Can you guess to whom this Baptist associational letter was written?
In May 1964, the Southern Baptists treked to Atlantic City, New Jersey, for their annual meeting, in conjunction with American Baptists' annual meeting. The sojourn northward revealed the divisions in Southern Baptist life over issues of Baptist cooperation and race relations.
The year 1964 marked the 150th anniversary of American Baptists' first national organization, the Triennial Convention, formed in 1814 for the purpose of mission endeavors. Seven Baptist groups in America celebrated the anniversary, and sought to form a committee to foster better relations among the various groups. Southern Baptists, however, refused to take part in the joint committee.
By a vote of 2,771 to 2,738 - a mere 33 votes - SBC messengers voted against the cooperative proposal. A "heated debate" characterized the discussion regarding the debate. Agreeing to be a part of the joint committee meant joining hands with African American Baptist groups, and some Southern Baptists refused to do so.
The Georgia Baptist Convention today continued a campaign of selective reading of Scripture - and more important to fundamentalist messengers, it would seem - a selective reading of their own statement of faith (the Baptist Faith and Message 2000): for the second year in a row, the GBC tossed out a church (Druid Hills Baptist Church of Atlanta, in this instance) for having a woman pastor on staff.
Never mind that women have been preaching from pulpits in Baptist life since at least the eighteenth century. Today's Southern Baptist Convention has regressed to the point of teaching women homemaking skills in seminary.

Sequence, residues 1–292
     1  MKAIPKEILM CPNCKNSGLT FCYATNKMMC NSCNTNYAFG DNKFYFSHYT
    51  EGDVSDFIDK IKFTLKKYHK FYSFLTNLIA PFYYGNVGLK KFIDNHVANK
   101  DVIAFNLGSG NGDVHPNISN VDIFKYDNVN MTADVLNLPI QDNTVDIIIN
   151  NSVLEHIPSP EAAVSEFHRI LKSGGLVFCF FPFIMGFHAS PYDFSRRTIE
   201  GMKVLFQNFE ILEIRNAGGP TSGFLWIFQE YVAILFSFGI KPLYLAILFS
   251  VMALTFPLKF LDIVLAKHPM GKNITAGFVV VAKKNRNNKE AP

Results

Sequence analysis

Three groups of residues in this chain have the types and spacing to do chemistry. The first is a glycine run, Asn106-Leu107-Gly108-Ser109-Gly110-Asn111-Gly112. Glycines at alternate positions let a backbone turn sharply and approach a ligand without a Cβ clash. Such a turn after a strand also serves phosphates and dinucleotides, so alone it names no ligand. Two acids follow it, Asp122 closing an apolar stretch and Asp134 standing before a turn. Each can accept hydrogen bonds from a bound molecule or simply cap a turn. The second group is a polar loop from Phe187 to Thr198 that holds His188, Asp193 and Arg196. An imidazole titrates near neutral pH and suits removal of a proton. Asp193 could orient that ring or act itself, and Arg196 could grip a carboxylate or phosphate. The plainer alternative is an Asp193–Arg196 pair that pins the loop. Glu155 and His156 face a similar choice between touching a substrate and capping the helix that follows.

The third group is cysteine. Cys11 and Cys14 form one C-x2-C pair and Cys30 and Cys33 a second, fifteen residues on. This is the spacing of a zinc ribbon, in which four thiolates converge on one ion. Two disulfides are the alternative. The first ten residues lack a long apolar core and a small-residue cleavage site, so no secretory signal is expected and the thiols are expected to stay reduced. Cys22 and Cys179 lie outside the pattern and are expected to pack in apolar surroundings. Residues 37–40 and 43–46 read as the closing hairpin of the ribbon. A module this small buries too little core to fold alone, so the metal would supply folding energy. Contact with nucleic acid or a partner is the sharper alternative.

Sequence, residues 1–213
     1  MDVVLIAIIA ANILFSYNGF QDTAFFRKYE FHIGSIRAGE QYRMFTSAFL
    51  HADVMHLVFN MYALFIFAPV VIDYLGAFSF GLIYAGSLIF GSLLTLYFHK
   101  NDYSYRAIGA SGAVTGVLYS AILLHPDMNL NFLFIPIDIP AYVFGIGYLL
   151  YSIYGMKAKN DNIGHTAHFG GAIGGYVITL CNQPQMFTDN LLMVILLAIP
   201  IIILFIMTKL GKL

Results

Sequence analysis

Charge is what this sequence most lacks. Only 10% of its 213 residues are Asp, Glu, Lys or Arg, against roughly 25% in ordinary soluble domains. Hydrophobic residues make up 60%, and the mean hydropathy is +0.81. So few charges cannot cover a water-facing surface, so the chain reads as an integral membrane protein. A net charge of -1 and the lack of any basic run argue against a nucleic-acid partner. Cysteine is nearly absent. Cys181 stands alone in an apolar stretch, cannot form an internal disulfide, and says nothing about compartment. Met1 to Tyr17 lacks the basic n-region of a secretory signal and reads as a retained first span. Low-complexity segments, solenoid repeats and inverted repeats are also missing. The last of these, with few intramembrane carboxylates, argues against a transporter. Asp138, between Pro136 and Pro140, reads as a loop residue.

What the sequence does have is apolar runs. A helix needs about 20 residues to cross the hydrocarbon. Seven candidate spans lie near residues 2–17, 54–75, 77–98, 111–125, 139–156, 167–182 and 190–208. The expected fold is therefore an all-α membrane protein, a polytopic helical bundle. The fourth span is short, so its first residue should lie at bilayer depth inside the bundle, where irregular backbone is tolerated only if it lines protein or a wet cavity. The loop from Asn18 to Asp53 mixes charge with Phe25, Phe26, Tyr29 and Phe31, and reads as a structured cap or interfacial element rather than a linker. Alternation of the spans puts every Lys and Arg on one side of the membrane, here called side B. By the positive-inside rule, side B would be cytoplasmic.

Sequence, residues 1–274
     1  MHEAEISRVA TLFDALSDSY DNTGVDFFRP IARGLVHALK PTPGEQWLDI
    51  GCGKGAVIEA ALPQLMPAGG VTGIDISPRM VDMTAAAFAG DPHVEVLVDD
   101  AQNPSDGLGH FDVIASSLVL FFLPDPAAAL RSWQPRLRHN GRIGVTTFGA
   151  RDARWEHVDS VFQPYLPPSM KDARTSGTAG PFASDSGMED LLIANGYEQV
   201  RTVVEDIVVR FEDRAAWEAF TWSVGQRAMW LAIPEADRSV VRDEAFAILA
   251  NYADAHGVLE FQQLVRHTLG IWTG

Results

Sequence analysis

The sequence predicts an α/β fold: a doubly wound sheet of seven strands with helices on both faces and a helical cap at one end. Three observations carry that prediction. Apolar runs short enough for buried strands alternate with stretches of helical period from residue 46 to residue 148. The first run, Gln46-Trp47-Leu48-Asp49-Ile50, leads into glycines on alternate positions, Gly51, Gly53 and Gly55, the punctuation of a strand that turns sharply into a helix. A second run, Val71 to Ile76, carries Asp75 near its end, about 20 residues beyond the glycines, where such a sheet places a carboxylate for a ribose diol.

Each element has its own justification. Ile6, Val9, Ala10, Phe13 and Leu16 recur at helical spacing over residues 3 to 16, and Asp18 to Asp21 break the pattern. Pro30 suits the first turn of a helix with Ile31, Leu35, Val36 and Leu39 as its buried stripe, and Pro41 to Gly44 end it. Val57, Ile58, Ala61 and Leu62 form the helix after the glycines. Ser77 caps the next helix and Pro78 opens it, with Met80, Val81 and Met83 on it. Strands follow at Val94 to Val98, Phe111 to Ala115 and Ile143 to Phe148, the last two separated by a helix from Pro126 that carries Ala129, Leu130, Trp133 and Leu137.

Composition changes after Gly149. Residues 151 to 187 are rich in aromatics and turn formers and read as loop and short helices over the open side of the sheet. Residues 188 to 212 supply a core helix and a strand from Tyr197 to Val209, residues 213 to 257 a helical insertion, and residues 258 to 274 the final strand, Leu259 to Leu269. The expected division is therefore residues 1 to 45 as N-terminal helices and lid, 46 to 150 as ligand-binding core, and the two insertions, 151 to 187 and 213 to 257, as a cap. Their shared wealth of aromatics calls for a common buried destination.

Since the 1960s, Southern Baptist fundamentalists have fought long and hard to reduce (literally) Southern Baptist life to conformity with an ever-narrowing pure faith. Today was simply the latest in a string of thousands of theological purgings.
Yet Baptist church fights are nothing new, and in some instances from yesteryear, members literally were tossed out of church buildings.
This week the Baptist General Convention of Virginia passed the following resolution:
Inaccurate history threatens religious liberty
Whereas, the Baptist principles of religious liberty and its safeguard, separation of church and state (or government neutrality toward all religions and nonreligion), are well grounded in this nation’s history, and
Whereas, the labors of Virginians, notably Thomas Jefferson, George Mason, James Madison, and the Baptist minister John Leland, were crucial in the historic events that made these two principles part of our nation’s Bill of Rights, and
Whereas, no people, Baptist or otherwise, can remain true to its principles if its knowledge or collective memory of these principles is tampered with, altered, or replaced by a false version of history, and
Whereas, the Religious Liberty Committee of the Baptist General Association of Virginia has concluded that systematic efforts have been under way in recent decades to write and teach versions of American history that minimize and sometimes deny the historic basis of one or both of the principles named above,